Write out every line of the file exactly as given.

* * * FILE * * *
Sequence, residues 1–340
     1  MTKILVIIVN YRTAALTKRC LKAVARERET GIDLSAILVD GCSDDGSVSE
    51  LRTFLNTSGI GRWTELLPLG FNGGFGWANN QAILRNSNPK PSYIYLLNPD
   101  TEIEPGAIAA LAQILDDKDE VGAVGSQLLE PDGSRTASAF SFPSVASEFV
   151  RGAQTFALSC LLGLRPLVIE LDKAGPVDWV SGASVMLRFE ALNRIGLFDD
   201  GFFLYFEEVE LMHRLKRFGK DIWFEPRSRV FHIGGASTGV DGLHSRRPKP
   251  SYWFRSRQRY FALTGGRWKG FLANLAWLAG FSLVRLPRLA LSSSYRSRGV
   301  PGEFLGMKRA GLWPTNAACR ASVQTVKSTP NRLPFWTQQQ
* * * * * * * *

Sequence, residues 1–340
     1  MTKILVIIVN YRTAALTKRC LKAVARERET GIDLSAILVD GCSDDGSVSE
    51  LRTFLNTSGI GRWTELLPLG FNGGFGWANN QAILRNSNPK PSYIYLLNPD
   101  TEIEPGAIAA LAQILDDKDE VGAVGSQLLE PDGSRTASAF SFPSVASEFV
   151  RGAQTFALSC LLGLRPLVIE LDKAGPVDWV SGASVMLRFE ALNRIGLFDD
   201  GFFLYFEEVE LMHRLKRFGK DIWFEPRSRV FHIGGASTGV DGLHSRRPKP
   251  SYWFRSRQRY FALTGGRWKG FLANLAWLAG FSLVRLPRLA LSSSYRSRGV
   301  PGEFLGMKRA GLWPTNAACR ASVQTVKSTP NRLPFWTQQQ